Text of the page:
“The range of ideas among the applications was impressive, with everything from suggestions for a science-focused journalism lab to support for game-related programming across campus,” Bacon said at the May 14 event, which counted CIF recipients and their departmental chairs and deans among its numerous invitees.

The CIF’s 10 accepted proposals this year span the academic spectrum. Two of the proposals aim to change programs, while the eight others aim to transform specific courses. According to Catherine Bolton, vice-provost of Teaching and Learning, it’s funding well spent.

“Resources for curriculum innovation are especially important when finances are constrained and there is less room in budgets for important course and curriculum development work,” says Bolton. “We need to keep abreast of advancements in pedagogy —  such as ‘flip the class’ —  to make sure our students maintain their competitive edge.”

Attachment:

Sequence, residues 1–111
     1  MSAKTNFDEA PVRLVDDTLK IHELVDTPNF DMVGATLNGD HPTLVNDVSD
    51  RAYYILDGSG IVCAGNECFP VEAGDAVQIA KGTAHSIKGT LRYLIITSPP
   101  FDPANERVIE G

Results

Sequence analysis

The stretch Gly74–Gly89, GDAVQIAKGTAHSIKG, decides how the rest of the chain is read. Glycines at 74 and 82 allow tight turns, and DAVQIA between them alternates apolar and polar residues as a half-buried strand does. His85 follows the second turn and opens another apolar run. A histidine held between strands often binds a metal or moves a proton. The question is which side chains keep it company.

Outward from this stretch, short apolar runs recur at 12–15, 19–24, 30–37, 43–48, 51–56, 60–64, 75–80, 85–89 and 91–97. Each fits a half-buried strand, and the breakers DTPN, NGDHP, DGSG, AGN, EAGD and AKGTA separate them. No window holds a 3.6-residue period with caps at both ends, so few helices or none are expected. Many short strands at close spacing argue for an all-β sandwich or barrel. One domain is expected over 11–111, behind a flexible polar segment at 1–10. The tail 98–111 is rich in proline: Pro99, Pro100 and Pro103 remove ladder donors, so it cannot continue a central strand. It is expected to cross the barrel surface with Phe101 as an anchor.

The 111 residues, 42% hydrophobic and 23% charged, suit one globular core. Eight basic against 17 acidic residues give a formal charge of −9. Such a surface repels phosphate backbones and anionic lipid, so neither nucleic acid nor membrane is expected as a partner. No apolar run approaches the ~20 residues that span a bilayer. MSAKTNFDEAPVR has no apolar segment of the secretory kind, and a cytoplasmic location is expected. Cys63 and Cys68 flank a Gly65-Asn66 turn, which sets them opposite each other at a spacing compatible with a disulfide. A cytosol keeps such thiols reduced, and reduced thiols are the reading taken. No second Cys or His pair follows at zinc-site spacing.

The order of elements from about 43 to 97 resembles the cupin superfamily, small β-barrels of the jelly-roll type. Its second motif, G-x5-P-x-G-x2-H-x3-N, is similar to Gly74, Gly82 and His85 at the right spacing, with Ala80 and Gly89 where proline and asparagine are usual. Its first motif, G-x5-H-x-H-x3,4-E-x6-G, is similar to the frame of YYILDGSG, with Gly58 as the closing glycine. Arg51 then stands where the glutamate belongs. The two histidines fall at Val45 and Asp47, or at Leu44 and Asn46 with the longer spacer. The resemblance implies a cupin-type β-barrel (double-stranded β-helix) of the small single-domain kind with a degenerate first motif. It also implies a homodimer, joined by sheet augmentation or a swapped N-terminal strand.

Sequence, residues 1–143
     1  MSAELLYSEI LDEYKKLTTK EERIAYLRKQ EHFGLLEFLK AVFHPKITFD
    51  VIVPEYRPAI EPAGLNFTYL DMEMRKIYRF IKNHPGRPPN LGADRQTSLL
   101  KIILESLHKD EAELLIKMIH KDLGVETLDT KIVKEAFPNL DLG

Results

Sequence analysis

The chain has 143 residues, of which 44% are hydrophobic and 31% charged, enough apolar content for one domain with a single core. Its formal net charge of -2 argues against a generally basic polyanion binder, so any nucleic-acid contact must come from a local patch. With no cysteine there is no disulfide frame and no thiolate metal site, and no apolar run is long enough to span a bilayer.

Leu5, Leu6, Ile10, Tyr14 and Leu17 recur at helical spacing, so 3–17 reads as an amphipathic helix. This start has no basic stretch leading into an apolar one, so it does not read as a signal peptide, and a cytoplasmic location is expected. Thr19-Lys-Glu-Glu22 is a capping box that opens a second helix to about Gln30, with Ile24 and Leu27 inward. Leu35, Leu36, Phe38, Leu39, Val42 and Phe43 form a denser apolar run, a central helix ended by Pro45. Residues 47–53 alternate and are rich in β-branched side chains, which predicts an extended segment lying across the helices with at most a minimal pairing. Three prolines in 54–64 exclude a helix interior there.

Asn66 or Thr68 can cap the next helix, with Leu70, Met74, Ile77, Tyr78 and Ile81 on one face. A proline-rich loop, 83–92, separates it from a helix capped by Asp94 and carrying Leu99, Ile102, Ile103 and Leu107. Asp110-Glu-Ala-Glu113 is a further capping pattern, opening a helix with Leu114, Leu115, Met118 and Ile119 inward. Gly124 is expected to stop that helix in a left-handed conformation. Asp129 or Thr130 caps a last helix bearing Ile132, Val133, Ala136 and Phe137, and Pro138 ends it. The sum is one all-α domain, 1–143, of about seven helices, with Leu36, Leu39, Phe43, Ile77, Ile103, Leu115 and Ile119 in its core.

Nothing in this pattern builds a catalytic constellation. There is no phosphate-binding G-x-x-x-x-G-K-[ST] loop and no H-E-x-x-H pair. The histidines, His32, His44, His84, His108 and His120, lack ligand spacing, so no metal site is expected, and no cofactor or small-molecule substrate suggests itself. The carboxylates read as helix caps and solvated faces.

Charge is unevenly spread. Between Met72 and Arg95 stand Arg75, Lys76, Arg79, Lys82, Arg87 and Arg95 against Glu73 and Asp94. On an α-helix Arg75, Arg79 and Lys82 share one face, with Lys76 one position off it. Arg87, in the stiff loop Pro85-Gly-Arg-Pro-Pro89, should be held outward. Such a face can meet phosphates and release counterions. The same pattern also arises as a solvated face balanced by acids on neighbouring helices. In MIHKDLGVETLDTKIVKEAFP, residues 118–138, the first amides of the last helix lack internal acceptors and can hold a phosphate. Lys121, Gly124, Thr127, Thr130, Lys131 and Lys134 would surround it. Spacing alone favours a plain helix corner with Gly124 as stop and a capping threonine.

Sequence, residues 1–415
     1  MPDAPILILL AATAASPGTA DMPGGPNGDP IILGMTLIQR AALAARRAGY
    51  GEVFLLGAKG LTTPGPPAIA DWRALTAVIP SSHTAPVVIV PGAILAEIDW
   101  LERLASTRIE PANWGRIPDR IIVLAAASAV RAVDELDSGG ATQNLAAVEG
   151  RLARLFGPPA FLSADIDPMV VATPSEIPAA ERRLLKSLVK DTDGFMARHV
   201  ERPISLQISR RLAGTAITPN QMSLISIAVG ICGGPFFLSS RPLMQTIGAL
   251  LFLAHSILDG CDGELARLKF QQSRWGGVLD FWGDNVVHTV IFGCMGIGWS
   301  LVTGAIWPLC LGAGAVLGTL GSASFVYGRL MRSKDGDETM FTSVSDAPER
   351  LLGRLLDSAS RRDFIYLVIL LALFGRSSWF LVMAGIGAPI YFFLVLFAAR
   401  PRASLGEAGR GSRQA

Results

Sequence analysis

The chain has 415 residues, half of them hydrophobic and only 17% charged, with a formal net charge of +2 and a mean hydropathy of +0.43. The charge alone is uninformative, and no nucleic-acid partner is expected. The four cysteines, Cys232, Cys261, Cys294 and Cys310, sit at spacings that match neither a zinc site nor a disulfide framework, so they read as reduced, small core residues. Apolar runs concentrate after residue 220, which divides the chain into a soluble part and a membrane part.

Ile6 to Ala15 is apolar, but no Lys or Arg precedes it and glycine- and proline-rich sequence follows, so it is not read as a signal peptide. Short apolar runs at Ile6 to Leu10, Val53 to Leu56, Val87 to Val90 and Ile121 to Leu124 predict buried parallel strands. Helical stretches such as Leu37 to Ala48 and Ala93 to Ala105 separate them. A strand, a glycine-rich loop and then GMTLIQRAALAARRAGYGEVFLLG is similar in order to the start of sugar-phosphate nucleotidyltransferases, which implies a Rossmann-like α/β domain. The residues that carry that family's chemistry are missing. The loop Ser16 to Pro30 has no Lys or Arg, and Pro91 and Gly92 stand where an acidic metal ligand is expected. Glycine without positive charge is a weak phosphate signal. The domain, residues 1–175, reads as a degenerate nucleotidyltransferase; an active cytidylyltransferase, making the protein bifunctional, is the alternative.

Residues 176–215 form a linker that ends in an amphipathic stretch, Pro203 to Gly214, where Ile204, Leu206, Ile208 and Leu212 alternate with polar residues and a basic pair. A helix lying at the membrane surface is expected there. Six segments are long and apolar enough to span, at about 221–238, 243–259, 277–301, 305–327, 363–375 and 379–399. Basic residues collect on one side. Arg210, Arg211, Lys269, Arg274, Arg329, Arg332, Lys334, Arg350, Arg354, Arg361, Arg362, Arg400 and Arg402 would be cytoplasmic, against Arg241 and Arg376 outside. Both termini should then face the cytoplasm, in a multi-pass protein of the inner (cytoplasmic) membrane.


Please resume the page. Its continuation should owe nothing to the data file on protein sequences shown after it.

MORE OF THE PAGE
For the 2014-15 academic year, the fund accepted projects falling under three overarching themes: blended/online learning, multidisciplinarity and community engagement.

Bolton was pleased to approve Liselyn Adams’ proposal to create an intensive three-week summer contemporary music program with an arts management component. “Having the students actively participate in the promotion and production of the final concert, (which sees them) engaging with the business community, is the kind of real-world experience that’s invaluable.”

Likewise, the Department of Art Education is reaching out to the community with Kathleen Vaughan’s proposal. Vaughan plans to transform the ARTE660/850 course to take advantage of Montreal’s Nuit Blanche on February 27, 2016.